Both Seattle and Tampa Bay finished Fridays game with four hits.
But that was all the equality there was between the two. The Mariners unloaded three home runs, one each by Justin Smoak, Adam Kennedy and Miguel Olivo, and then left it to starter Jason Vargas.
The left-hander had been hammered for 11 runs in early exits in each of his two previous starts, but there was none of that nonsense this time. Vargas allowed just three men to reach base in the first eight innings, and that earned him a chance to pitch the ninth.
Vargas allowed two one-out hits in the ninth, but the Rays didnt come close to scoring as Seattle moved to its 30th win of the season with a 7-0 pounding of Tampa Bay.
That leaves the Mariners in second place in the American League West, 1½ games behind Texas, and about three weeks ahead of last years wins pace. Seattle didnt win its 30th game a year ago until June 23, and only won 61 games all year.
Clearly 2011 is a different season.
“Were having a lot of fun here winning,” Kennedy said. “Its fun to play behind someone like Jason when hes throwing the way he was tonight.”
The game isnt fun for everybody, of course. Six of the Seattle starters went hitless Friday, including the top two men in the order, Ichiro Suzuki and Brendan Ryan. For Ryan, who has been red-hot of late, his 0-for-3 was something of an anomaly.
But for Ichiro, who went 0-for-4, his inability to pile up hits is becoming something of the norm.
Ichiro opened this week with four hits in his first nine at-bats through the third inning Wednesday. Those hits snapped a personal 0-for-11 skid. Since then, however, hes hitless in his last 11 at-bats.
His overall batting average is down to .266, the lowest hes ever been this deep into a big league season. And his streak of 10 consecutive 200-hit seasons is in jeopardy his current pace will only get him to 179.
“Its tough when were not all hitting at the same time,” Kennedy said of Ichiro and others. “But Im confident were all getting better. The main thing is, were winning.”
That is the main thing. And as long as the Mariners continue to get solid pitching, theyve proven that a little bit of hitting can go a long way.
Vargas previous two starts against the Twins and the Yankees saw him hit around. But the two starts before that, against the Orioles and the Angels saw the other side of his game. He threw a combined 16 scoreless innings in those two starts, and he was back to that form Friday against the Rays.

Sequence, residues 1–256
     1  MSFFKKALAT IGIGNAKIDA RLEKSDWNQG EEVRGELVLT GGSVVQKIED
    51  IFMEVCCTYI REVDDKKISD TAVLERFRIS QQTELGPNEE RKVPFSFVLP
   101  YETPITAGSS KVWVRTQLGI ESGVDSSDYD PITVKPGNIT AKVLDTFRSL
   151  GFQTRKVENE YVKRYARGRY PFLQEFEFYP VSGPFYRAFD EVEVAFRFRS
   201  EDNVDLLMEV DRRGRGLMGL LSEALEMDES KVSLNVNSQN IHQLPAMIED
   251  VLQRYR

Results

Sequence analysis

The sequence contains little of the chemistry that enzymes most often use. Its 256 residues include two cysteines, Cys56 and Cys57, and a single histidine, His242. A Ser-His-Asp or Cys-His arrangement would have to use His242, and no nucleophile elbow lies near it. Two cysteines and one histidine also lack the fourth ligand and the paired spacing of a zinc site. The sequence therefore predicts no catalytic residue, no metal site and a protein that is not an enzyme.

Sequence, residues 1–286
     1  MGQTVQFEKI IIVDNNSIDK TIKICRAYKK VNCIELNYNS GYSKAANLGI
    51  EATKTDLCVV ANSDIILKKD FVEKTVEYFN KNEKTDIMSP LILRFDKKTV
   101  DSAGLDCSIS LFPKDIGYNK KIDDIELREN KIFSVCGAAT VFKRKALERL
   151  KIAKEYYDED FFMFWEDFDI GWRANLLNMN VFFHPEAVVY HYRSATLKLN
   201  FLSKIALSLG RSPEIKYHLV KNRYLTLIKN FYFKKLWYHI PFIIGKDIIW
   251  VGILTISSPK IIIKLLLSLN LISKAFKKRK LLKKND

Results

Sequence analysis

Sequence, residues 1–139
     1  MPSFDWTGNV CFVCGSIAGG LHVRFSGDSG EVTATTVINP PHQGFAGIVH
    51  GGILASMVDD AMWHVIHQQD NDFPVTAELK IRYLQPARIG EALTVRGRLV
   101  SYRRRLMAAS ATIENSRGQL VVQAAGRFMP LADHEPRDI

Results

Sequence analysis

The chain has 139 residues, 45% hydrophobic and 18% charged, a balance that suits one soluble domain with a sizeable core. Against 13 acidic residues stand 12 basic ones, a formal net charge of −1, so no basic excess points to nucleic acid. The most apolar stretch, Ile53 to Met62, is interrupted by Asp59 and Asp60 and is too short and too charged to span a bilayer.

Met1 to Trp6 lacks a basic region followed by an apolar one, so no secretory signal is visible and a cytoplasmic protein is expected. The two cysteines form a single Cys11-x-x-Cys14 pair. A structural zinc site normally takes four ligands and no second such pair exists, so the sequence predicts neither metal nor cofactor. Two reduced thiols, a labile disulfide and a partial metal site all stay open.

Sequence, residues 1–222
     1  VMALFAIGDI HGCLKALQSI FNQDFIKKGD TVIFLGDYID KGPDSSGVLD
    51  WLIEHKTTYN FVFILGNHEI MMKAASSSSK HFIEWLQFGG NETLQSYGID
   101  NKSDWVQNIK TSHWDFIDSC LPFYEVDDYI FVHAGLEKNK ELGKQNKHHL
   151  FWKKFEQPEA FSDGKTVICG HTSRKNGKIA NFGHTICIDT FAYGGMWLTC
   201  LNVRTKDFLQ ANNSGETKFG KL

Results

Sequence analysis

He gave up a leadoff single to Felipe Lopez in the third and a one-out single to Ben Zobrist in the fourth. After that, only a two-out walk to Johnny Damon in the sixth impaired Vargas at all. And when he threw a 1-2-3 seventh and a 1-2-3 eighth, that was enough for manager Eric Wedge to allow Vargas to go for his first career shutout.
“It depended on how he threw in the eighth,” Wedge said. “We werent going to put him in position where hed wind up throwing 125 pitches. But he pitched a good eighth. He gave himself the opportunity to pitch the ninth.”
Vargas had never thrown a shutout before, not even in the minor leagues. He did throw nine scoreless innings May 12, but he didnt get a decision in that one because the Mariners didnt score while he was in the game and, in fact, lost the game in 12 innings.
Vargas wanted to get the ball for the ninth inning, but he was well aware the call wasnt his.
“Im always ready to go,” the left-hander said, “unless he (Wedge) tells me no.”
Seattle has won five consecutive series already, and theyve won the first two of this four-game set, meaning they can do no worse than split with Tampa Bay. But the Mariners have bigger aspirations than just a split.
“Were having fun winning,” Kennedy said. “We want to keep it up.”
NOTES: Rookie outfielder Greg Halman was a surprised as anyone at his promotion to the big leagues considering that hed been back with Triple-A Tacoma for just five games after having fractured a bone in his left hand. “I was surprised, but Im ready to go,” said Halman, who was up with the Mariners for a bit last year. Left fielder Carlos Peguero hit two homers Thursday and Smoak and DH Jack Cust also went deep. It was just the fifth time in Seattle club history that the Mariners had four home runs come off the bats of left-handed hitters, and the first time since 2006. Kennedy followed Thursdays three-hit game with a solo homer and a bases-loaded walk in four plate trips. That pushed his batting average to .299, the best on the Seattle roster. Kennedy and catcher Miguel Olivo became the second Mariners to homer back-to-back this season. Smoaks bases-loaded walk in the third inning was Seattles 12th of the season. Seattle has only a .243 average with the bases loaded, but their production has included 33 RBIs thanks principally to the walks, the most with the bases loaded for any big league team.